From the station approach, turn right up Turkey Street and take the underpass under the A10. Continue on Turkey Street for a few yards, turn right into Bowles Lane and right again at Capel Road. Turn left into Bullsmoor Lane, passing Capel Manor, a Mecca for gardeners (open 10am-4.30pm; 5.30pm at weekends).
From the garden, continue along Bullsmoor Lane and turn right into Bull's Cross, opposite the Pied Bull. Follow the road as it curves left, then turn right up Bulls Cross Ride, carried by a bridge over the M25. Just beyond the bridge, turn right down stone steps and cross a drive into a fenced path that gradually veers from the motorway until it meets the man-made New River, cut in 1613 to bring Hertfordshire water to thirsty Londoners.
Cross the river bridge and turn left up the right-hand bank, with good open views to your right as coots and mallards glide by on the water. The path swings right, around a small island, before crossing a road through aluminium kissing gates, then passing under a road bridge. Just beyond this, cross the river on a wooden footbridge. At this point the route crosses part of the grounds of the former Theobalds Palace, where James I used to enjoy hunting. On a frosty day in 1622 his horse slipped and pitched his royal rider inelegantly into the New River.
Across the footbridge, follow the footpath sign through an iron kissing gate. Cross the field diagonally to a stile beneath a blackthorn bush, leading to a footpath through a wood. Stick to the main path, with a field of young wheat on your right.
The path reaches a clearing and begins to turn away from the road ahead. As it does so, turn left and make for the road, going through a broken fence to reach it. Cross the road and head down a clear but unmarked and slightly muddy path immediately opposite, with woods on the left and a rape field on the right.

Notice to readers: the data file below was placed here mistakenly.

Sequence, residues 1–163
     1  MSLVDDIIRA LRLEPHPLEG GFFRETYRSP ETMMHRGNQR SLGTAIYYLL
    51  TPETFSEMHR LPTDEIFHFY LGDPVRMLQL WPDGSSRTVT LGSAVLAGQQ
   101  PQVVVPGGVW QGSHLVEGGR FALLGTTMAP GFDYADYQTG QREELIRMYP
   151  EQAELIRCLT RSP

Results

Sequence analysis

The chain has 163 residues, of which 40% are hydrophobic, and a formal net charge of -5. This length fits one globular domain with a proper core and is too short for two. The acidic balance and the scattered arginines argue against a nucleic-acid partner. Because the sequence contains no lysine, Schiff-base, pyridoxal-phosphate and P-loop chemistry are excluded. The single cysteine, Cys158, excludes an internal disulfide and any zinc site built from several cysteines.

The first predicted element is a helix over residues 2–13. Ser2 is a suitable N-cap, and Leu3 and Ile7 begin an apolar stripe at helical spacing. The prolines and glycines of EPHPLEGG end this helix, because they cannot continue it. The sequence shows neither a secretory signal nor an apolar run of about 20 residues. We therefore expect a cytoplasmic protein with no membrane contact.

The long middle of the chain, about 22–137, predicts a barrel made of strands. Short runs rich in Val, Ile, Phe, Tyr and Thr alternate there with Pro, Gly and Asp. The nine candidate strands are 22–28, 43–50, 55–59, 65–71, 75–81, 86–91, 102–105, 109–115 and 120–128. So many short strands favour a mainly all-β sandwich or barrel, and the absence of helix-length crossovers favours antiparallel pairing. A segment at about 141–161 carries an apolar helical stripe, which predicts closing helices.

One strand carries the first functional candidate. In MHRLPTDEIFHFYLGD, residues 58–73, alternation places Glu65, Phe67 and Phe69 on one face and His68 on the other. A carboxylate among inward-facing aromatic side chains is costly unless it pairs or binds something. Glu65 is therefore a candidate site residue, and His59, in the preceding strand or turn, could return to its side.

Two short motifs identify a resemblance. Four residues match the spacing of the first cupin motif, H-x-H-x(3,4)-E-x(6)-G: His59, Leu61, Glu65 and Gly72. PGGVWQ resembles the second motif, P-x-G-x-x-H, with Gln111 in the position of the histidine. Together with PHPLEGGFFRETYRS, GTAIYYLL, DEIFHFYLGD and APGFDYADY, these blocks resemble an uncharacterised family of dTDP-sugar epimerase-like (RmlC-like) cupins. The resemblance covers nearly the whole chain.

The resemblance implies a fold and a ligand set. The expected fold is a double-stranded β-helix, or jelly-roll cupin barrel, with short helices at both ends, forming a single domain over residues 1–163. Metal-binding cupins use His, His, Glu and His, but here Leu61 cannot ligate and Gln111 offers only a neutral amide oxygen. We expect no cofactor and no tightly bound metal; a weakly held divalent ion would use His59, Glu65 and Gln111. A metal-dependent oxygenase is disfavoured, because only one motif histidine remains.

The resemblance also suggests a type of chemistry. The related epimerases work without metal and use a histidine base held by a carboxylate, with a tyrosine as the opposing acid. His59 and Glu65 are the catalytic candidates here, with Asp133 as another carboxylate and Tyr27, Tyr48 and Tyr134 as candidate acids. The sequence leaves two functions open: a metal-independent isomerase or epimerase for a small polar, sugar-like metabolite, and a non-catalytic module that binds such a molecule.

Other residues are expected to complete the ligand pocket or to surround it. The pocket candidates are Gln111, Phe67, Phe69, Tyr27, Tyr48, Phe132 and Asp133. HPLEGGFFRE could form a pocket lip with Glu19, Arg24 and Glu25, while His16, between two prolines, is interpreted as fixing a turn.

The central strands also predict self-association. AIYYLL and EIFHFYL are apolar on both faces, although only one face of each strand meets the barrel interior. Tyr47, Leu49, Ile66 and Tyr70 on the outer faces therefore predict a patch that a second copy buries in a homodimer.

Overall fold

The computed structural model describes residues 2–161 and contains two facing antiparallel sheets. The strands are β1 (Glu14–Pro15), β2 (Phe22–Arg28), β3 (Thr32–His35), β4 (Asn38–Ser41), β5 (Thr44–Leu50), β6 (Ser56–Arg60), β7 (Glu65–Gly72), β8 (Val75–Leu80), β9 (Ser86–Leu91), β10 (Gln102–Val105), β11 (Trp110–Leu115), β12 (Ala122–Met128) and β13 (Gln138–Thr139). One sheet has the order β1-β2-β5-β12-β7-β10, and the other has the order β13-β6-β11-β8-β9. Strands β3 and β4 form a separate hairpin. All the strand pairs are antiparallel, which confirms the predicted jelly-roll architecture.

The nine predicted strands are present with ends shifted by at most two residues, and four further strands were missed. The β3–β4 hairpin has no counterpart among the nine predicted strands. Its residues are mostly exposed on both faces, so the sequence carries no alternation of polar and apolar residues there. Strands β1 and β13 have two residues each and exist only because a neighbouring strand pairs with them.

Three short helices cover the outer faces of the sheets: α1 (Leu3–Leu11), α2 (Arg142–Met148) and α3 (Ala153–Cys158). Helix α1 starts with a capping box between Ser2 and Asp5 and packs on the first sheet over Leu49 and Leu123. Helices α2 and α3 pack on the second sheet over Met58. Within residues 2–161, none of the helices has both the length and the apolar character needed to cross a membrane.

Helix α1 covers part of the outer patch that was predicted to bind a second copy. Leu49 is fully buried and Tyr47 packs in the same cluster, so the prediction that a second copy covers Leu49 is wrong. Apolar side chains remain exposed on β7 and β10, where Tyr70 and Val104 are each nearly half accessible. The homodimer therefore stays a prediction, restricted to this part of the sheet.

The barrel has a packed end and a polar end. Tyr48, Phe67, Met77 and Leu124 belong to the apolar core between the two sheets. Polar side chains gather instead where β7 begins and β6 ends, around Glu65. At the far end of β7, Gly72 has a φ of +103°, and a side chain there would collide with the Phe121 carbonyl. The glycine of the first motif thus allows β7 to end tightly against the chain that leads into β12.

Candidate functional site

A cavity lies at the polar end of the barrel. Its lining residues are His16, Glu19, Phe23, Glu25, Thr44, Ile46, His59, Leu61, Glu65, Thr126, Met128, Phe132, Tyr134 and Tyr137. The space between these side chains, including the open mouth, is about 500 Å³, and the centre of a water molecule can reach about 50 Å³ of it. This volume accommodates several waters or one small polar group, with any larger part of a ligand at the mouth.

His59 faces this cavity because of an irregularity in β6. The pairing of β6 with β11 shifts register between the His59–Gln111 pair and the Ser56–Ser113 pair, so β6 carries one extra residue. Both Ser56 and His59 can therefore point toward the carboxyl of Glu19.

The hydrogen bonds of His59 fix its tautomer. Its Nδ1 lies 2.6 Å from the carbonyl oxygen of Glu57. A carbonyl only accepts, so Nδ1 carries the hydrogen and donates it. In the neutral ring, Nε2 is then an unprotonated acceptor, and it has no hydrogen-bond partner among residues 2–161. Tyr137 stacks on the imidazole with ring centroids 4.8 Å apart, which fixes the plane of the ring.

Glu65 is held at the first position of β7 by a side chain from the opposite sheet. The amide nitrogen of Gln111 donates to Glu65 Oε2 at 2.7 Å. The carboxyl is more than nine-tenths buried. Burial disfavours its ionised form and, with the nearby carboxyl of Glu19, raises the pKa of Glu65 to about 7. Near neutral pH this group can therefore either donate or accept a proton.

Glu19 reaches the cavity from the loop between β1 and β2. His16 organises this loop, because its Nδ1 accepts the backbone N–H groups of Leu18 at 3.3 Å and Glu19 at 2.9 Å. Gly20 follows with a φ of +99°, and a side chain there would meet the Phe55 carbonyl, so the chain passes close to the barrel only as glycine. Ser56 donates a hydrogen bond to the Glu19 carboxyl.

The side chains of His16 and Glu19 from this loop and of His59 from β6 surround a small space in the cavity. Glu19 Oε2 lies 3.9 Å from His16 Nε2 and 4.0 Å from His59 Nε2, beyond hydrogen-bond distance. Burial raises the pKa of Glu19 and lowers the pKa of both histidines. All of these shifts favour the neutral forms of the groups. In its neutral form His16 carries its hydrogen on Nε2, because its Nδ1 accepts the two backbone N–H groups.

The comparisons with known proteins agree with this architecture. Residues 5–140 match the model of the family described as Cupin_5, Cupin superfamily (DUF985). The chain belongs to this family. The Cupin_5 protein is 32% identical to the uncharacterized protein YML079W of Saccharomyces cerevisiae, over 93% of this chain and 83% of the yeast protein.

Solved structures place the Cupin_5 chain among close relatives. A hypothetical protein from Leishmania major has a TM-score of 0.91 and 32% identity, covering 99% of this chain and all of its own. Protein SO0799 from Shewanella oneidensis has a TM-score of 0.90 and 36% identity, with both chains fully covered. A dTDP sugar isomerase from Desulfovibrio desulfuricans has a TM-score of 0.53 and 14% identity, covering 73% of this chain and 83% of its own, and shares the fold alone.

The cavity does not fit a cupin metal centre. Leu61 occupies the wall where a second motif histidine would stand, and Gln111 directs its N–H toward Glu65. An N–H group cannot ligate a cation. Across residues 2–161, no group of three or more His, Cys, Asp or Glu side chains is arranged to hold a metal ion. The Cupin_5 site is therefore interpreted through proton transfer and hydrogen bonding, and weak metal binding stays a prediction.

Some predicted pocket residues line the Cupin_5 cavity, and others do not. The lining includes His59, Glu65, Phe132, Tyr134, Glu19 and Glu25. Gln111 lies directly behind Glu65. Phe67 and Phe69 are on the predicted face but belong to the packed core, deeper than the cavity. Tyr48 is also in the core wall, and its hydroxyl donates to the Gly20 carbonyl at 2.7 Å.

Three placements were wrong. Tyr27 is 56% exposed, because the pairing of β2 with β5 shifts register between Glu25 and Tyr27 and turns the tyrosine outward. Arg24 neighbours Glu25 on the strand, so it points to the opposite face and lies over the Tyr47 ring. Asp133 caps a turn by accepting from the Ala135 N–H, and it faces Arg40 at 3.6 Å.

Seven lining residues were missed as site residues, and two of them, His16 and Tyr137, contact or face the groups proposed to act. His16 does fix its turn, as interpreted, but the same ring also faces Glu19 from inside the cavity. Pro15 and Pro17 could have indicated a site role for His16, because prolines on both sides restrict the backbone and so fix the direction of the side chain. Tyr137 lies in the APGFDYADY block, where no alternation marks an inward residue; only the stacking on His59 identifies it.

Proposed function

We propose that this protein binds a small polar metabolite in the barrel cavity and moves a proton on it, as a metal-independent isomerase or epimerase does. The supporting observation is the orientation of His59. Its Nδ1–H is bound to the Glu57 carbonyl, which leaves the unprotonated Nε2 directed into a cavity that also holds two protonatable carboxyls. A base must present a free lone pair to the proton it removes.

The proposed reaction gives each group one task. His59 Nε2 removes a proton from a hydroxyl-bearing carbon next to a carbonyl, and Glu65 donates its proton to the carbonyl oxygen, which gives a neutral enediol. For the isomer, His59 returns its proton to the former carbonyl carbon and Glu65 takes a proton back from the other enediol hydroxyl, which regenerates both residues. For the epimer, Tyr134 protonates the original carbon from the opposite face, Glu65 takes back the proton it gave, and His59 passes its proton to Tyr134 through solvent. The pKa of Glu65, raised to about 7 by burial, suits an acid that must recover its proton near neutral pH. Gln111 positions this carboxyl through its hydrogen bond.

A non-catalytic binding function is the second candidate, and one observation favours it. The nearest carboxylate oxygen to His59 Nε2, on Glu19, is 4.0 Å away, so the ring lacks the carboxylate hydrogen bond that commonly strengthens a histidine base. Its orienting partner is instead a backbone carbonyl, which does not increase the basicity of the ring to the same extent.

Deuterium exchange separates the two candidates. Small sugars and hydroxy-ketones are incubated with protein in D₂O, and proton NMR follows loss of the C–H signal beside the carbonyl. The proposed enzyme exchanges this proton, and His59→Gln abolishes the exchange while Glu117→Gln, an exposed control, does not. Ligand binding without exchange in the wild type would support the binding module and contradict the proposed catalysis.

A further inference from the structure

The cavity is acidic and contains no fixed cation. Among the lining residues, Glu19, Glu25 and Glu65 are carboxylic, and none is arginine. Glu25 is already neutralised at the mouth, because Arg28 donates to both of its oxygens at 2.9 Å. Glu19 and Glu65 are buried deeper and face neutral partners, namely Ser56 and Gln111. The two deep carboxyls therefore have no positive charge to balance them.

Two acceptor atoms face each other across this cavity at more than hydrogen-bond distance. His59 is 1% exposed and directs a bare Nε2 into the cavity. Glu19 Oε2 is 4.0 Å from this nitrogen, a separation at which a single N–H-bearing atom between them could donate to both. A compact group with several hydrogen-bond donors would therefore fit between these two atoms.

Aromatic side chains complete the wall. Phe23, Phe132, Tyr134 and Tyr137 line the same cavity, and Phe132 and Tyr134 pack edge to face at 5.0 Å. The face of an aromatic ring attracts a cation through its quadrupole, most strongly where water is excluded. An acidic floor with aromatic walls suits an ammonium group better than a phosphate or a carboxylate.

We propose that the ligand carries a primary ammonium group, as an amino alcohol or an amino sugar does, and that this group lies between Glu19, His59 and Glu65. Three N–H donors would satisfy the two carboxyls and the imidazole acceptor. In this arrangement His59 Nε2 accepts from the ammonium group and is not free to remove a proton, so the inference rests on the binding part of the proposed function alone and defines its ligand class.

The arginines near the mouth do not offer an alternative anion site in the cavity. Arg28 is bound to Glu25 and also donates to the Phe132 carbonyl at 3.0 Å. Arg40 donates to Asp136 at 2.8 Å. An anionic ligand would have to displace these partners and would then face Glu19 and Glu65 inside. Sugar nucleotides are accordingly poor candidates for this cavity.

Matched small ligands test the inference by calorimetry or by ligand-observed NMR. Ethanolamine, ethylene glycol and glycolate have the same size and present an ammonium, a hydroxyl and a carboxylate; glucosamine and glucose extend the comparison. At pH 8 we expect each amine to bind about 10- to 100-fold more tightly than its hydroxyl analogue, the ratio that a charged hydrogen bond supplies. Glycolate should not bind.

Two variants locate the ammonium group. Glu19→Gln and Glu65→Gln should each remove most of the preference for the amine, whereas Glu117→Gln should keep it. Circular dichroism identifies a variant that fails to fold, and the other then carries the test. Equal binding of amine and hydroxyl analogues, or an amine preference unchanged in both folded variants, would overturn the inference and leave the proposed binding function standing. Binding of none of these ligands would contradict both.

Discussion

After a few hundred yards, you suddenly see, on your left, a dilapidated archway surrounded by a fence. This is Temple Bar, designed by Wren in 1672 to separate Fleet Street from the Strand. For more than 200 years it was the official western entrance to the City of London, until it was demolished in 1878 because it impeded traffic.
Ten years later the pieces were given to the brewer, Sir Henry Meux, who had the arch reconstructed here at his Cheshunt estate, where it is today sadly neglected. From time to time there are moves to have it restored and placed somewhere more appropriate, but they have so far come to nothing.
After inspecting the monument keep straight ahead, leaving it to your left, passing the red brick Gardener's Cottage and turning left onto the road. On the left you pass the farm college, with its stately brick gates, where you bear right, keeping to the main roadway, and soon reach the bridge where you first crossed the motorway.
Cross it again, and on the other side go down some rough earth steps on the left to a stile, crossing a paddock to another stile and then turning right down a lane. This leads back to Bulls Cross. Go past the Pied Bull and, after some 300 yards, you will see on your right the entrance to Myddleton House.
This was named after Hugh Myddleton, the brains behind the New River, who lived in an earlier house on the site. A more recent resident was E A Bowles (1865-1954), a noted garden writer and plantsman. He lived here all his life and the delightful garden is being restored to what it was before he died. He loved irises, and although they were not in flower when I visited the garden, they should be ready now. It is open weekdays from 10am-3.30pm and on the last Sunday in non-winter months - including this coming Sunday, from 2-5pm.
From the garden turn right down Bulls Cross. After crossing a bridge, turn left outside Forty Hill Parish Hall on to a metalled footpath. Stick to the path, which crosses the New River again, then goes over the A10. Keep on behind the houses and, just after passing under a railway bridge, turn left to get back to the station.